Diversity in Biomedical Science

The National Institutes of Health (NIH) recently appointed Hannah Valantine, MD, as chief officer for scientific workforce diversity. This new position was created not only to focus on increasing diversity in biomedical science by expanding recruitment and retention, but also to promote inclusiveness and equity throughout the field. Dr. Valantine’s appointment is important, because traditional… Read more »

Science Careers’ Surprising Challenges

Once scientists start working, it can be hard for us to know how to take our science careers to the next level. At times, we must be assertive–even aggressive—to advocate for ourselves or our ideas. Many of us choose science careers because we like knowing how things work. We don’t tend toward extroversion or confrontation…. Read more »

Anti-Smoking Campaign Targets At-Risk Youth

Almost all smokers get addicted to cigarettes very young, according to The Health Consequences of Smoking, published last month by the US Surgeon General. Nearly 90 percent of smokers start before 18 and 98 percent by 26; three-quarters of all teen smokers become adult smokers. If current trends in smoking and smoking initiation stay the… Read more »

NFL Backs Youth Concussion Protocols

The National Football League (NFL) recently joined two New Jersey lawmakers to support the Concussion Treatment and Care Tools Act of 2013 (ConTACT Act). The act emphasizes the importance of establishing best practices for diagnosing and managing mild traumatic brain injury (mTBI) in children. The NFL is studying the long-term effects of mTBI in athletes,… Read more »

Winter Safety Tips to Enjoy the Outdoors

The 2014 Winter Olympics are an inspiration to participate in outdoor sports. Taking some winter safety precautions will help ensure your experiences are memorable for the right reasons—fun, adventure and good company—rather than getting hurt. Winter sports-related injuries send a lot of people to the emergency department for sprains, muscle strains, dislocations or fractures, according… Read more »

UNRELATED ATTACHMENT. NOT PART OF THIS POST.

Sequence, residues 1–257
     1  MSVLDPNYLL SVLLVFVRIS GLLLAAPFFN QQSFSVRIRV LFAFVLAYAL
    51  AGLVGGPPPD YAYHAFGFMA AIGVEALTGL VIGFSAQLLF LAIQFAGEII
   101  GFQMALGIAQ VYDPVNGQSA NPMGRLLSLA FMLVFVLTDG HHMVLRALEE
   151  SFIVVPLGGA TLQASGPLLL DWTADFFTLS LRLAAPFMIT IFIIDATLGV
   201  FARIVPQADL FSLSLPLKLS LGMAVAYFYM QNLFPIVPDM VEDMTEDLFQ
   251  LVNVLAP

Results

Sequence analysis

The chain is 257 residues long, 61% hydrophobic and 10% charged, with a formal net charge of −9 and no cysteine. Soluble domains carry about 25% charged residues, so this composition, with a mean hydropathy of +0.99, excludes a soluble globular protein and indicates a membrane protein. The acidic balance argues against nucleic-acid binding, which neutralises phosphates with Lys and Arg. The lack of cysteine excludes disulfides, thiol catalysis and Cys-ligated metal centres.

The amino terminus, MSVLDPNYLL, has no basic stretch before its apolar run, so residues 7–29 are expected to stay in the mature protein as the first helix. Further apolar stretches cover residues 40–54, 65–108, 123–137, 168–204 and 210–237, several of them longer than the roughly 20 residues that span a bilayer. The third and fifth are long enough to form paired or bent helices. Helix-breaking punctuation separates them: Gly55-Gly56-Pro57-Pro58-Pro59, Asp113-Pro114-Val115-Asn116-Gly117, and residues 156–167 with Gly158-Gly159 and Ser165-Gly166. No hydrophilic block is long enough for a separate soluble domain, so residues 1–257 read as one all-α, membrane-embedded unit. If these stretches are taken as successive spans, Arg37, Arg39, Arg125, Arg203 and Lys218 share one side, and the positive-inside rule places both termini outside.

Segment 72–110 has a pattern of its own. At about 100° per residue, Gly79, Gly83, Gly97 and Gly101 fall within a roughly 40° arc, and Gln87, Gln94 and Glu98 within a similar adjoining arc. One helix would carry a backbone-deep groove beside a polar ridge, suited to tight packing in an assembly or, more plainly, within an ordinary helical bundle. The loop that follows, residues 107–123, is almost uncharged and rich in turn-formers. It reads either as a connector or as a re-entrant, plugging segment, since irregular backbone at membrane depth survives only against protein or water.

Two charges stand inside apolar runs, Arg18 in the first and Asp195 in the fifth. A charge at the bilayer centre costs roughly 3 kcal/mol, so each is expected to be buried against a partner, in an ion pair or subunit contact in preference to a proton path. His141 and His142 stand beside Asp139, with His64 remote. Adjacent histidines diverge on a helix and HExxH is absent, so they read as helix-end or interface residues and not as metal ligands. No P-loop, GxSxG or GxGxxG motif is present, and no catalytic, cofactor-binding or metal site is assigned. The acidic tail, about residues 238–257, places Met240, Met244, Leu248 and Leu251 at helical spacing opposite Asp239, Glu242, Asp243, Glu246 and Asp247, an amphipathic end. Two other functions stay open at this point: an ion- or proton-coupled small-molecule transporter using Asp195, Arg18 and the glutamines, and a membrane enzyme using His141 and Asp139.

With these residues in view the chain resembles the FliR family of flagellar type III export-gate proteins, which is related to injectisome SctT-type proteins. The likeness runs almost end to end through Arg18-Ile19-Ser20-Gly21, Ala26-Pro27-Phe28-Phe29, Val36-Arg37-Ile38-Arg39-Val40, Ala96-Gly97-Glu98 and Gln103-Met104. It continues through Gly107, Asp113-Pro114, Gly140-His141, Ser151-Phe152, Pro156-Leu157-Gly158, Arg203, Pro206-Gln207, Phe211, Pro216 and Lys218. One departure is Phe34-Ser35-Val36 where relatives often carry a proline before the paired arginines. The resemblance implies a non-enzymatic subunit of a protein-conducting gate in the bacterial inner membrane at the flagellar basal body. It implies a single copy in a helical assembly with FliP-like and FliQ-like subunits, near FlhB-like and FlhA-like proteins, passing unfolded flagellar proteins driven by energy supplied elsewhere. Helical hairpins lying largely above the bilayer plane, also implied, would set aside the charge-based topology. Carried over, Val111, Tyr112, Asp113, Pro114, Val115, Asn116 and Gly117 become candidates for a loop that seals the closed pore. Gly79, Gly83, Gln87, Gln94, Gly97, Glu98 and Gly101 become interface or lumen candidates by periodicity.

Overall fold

Women’s Wellness Event with Chocolate and Wine

Enjoy good company, indulge in a fine wine and chocolate tasting and discover the latest about women’s heart health during Chocolate and Wine: A Perfect Pairing for Your Heart. Register now to join me next Wednesday, February 12, from 7 to 9 p.m., at the Long Island Marriott in Uniondale for this special evening presented… Read more »

Prevent Relapse with Addiction Treatment

Philip Seymour Hoffman’s sudden death is a grave reminder that addiction doesn’t sleep. After more than two decades of staying off drugs, the actor picked up old addictions in recent years. New York City Police officers reported that friends found him dead in his downtown apartment with a needle in his arm. His home contained… Read more »

Caramel Coloring Contains a Likely Carcinogen

While you may not have heard of 4MeI (4-Methylimidazole), you have almost certainly been eating and drinking it. A component of caramel coloring, 4MeI is the most common food-coloring chemical in the world. Most notably, it helps gives cola its signature brownish color. Over the years, a number of public health advocates and consumer groups… Read more »

Find Support and Encouragement with WomenHeart

Women are finding encouragement and strength to help them lead heart-healthy lives at new, peer-led support groups in the WomenHeart Support Network. Hosted by the Katz Institute for Women’s Health in partnership with WomenHeart: the National Coalition for Women with Heart Disease, the monthly meetings are open to women who have experienced a heart attack,… Read more »